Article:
Dream A Bigger Dream

“While kayaking in the Cache River National Wildlife Refuge on Feb. 11, 2004, Gene Sparling of Hot Springs, Ark., saw an unusually large, red-crested woodpecker fly toward him and land on a nearby tree. He noticed several field marks suggesting the bird was an ivory-billed woodpecker.” (Science Daily)

The only problem with Sparling’s sighting is that the ivory-billed woodpecker was thought to be extinct.  The last sighting was over sixty years ago.

Ivory-billed woodpecker
A juvenile ivory-billed woodpecker with ornithologist James T. Tanner, 1938

A week later, after learning of the sighting, Tim Gallagher, editor of the Cornell Lab of Ornithology’s Living Bird magazine, and Bobby Harrison, associate professor at Oakwood College, Huntsville, Ala., interviewed Sparling. They were so convinced by his report that they traveled to Arkansas and then with Sparling to the bayou where he had seen the bird.

On Feb. 27, as Sparling paddled ahead, a large black-and-white woodpecker flew across the bayou less than 70 feet in front of Gallagher and Harrison, who simultaneously cried out: “Ivory-bill!” Minutes later, after the bird had disappeared into the forest, Gallagher and Harrison sat down to sketch independently what each had seen. Their field sketches, included in the Sciencearticle, show the characteristic patterns of white and black on the wings of the woodpecker.

“When we finished our notes,” Gallagher said, “Bobby sat down on a log, put his face in his hands and began to sob, saying, ‘I saw an ivory-bill. I saw an ivory-bill.'” Gallagher said he was too choked with emotion to speak. “Just to think this bird made it into the 21st century gives me chills. It’s like a funeral shroud has been pulled back, giving us a glimpse of a living bird, rising Lazarus-like from the grave,” he said.  (Science Daily)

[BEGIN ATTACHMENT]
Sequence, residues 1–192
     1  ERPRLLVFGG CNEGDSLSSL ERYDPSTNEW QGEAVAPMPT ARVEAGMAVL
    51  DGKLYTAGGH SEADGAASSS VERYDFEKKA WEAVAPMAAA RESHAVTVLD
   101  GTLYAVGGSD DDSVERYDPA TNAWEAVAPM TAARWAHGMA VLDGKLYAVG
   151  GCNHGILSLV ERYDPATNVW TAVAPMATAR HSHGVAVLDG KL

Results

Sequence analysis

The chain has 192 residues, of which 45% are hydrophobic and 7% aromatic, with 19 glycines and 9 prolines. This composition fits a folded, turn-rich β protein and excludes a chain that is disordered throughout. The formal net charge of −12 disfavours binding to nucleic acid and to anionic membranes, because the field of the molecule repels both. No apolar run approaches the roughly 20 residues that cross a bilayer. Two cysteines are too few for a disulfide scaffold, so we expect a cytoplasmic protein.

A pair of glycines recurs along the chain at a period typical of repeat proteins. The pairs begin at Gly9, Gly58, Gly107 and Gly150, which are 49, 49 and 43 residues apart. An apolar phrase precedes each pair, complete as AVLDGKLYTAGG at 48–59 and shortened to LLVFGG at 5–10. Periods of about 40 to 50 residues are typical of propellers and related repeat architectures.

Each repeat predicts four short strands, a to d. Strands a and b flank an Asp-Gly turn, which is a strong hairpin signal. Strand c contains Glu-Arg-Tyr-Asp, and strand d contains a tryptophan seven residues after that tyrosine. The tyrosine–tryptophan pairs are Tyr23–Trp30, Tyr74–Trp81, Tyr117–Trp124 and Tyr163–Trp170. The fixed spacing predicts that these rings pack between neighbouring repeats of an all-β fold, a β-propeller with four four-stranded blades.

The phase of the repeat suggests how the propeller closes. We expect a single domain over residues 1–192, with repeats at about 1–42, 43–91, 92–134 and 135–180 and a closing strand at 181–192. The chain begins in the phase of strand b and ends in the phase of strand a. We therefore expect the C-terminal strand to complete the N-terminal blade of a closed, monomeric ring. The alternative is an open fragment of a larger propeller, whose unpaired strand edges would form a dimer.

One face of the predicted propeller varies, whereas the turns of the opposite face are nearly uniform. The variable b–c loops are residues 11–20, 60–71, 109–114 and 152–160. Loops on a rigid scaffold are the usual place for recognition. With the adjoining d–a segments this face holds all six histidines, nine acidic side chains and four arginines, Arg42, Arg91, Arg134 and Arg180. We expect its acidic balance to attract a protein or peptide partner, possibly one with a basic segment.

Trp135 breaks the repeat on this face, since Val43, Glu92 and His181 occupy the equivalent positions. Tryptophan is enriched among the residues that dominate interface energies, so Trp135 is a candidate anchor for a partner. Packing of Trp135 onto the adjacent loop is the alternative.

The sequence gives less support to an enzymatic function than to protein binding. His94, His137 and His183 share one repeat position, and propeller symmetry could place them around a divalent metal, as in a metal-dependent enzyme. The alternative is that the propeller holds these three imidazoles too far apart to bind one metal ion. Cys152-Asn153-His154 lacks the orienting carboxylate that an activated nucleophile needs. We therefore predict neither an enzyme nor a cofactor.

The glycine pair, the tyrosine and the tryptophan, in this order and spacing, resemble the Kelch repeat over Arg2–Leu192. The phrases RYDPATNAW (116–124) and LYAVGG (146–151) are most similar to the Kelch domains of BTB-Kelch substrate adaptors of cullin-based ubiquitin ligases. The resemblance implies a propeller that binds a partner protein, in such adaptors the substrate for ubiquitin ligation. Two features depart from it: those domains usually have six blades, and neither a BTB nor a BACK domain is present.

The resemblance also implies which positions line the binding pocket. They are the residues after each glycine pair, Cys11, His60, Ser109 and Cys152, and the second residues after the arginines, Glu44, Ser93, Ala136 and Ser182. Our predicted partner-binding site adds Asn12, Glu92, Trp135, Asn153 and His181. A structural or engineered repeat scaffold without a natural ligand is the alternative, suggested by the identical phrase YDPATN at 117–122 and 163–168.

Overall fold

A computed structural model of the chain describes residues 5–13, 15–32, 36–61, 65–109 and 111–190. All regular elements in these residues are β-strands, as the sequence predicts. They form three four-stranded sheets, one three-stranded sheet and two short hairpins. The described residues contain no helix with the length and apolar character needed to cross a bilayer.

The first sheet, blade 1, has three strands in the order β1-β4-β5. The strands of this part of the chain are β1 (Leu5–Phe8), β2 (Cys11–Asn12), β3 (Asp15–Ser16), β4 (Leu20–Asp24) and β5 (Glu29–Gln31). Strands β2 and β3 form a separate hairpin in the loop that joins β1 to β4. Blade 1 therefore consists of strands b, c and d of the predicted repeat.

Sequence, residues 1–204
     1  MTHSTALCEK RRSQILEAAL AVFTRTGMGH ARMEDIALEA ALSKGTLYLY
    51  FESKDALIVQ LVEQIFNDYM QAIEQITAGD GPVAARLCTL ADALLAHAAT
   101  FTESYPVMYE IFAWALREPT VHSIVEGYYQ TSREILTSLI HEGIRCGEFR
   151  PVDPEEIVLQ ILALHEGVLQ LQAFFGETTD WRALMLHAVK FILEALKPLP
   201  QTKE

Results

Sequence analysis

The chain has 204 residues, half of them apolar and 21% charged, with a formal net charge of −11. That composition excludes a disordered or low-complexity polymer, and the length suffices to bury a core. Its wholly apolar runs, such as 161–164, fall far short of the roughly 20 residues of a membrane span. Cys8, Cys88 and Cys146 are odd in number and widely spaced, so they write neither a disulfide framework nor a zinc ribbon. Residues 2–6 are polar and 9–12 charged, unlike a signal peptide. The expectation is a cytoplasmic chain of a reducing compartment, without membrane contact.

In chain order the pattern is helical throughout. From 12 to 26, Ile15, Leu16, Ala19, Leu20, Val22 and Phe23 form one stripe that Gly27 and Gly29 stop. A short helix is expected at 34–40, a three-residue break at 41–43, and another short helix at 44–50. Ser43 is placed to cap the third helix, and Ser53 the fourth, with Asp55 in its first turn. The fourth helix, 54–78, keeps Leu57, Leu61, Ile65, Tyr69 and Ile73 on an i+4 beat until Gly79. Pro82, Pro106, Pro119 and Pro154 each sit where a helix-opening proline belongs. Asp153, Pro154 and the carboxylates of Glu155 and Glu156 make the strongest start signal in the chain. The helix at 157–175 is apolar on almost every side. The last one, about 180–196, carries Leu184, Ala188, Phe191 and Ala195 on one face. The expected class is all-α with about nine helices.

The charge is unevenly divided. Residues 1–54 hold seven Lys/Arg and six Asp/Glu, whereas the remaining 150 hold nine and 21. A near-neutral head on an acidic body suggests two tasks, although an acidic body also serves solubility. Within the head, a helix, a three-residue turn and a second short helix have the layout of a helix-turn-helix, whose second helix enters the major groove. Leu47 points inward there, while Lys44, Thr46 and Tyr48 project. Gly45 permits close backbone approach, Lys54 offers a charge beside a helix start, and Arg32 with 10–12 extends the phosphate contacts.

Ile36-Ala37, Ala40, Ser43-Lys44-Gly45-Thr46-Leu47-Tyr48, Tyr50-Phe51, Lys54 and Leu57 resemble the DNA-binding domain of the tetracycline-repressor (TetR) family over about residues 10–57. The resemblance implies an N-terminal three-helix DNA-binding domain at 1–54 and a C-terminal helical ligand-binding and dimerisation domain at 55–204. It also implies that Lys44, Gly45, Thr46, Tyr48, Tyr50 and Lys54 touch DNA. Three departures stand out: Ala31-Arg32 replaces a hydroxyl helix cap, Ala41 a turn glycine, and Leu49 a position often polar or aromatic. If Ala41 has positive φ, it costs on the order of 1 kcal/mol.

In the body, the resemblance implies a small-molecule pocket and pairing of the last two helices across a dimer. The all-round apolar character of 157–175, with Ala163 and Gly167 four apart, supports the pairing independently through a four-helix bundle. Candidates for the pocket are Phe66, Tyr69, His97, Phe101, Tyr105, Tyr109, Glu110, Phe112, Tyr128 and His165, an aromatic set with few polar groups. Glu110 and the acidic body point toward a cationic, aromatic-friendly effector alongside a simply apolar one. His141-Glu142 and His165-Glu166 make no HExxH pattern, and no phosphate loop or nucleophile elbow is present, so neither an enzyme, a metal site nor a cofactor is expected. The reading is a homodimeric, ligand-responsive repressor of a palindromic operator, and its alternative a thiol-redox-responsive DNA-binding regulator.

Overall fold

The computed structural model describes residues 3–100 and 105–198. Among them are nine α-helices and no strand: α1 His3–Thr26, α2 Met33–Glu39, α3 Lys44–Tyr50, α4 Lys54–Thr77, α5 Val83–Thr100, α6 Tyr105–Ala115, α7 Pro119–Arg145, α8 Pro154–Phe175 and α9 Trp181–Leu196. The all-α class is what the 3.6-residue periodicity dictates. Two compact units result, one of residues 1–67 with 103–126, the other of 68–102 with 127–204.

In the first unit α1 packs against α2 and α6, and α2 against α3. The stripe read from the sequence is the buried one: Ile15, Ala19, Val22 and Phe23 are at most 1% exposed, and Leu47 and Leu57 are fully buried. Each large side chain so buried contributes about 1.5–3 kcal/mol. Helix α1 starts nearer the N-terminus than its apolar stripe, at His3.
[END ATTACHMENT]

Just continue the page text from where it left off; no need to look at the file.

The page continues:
I listened to an interview with Gene Sparling on NPR in the mid-nineties after it was discovered that the ivory-billed woodpecker was indeed not extinct.  I was ecstatic that this rare bird had managed to survive, but I was intrigued by what he said in his interview.  He shared that as a boy he used to look at drawings of the woodpecker and dream that one day he would find an ivory-billed woodpecker still alive in the swamps.  That was his dream.  He admitted that it was an impossible dream because the bird was extinct.  Nonetheless, it was the dream he carried within his boyish imagination.  So, he would go kayaking in the swamps with a flicker of a hope that he might spot the extinct bird.  And, beyond any expectation, he did! The little boy’s dream came true! Gene Sparling was the first man to spot an ivory-billed woodpecker in 60 years!

It’s this story and stories like these that inspire me, and I hope they might light a fire within you on days when you feel tempted to despair.  I see God’s very nature in this story.  Gene Sparling had a dream.  An impossible dream.  He got in his kayak and searched.  Is it possible that he might never have seen that woodpecker? Yes, but what did this man find in the search for it? What might we find in our search for the impossible? What might change in us in our journey to realize the impossible? Whatever your impossible dreams are, I believe that the Tale of The Ivory-Billed Woodpecker tells us that we are designed to try.  Just because everyone tells you that it’s not possible doesn’t mean that you can’t.  After all, if Gene Sparling’s boyhood dream of finding an extinct bird came true, then why can’t my dreams come true? Why can’t yours? Desire is the catalyst, and time and effort is the crucible.

Look what happened with Gene’s time and effort?

The Ivory-Billed Woodpecker in its natural habitat (cbs.news)

What might happen with yours? It really excites me to think about it.

3 Comments on “Dream A Bigger Dream

    • I have not! I suppose there would have to be a song seeing as how it’s also known as the Lord God bird. I tried to imagine a bird that upon seeing one exclaimed, “Lord God!” I feel like that about owls and bald eagles.

  1. Totally feel that about owls. They’re so haunting, but in an exciting and reverential way.

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